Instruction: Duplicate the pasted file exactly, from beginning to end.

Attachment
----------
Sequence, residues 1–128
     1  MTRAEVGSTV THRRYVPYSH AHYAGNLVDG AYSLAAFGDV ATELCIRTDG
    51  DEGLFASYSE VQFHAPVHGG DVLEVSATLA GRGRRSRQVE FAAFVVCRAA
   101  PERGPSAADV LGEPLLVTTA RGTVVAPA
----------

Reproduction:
Sequence, residues 1–128
     1  MTRAEVGSTV THRRYVPYSH AHYAGNLVDG AYSLAAFGDV ATELCIRTDG
    51  DEGLFASYSE VQFHAPVHGG DVLEVSATLA GRGRRSRQVE FAAFVVCRAA
   101  PERGPSAADV LGEPLLVTTA RGTVVAPA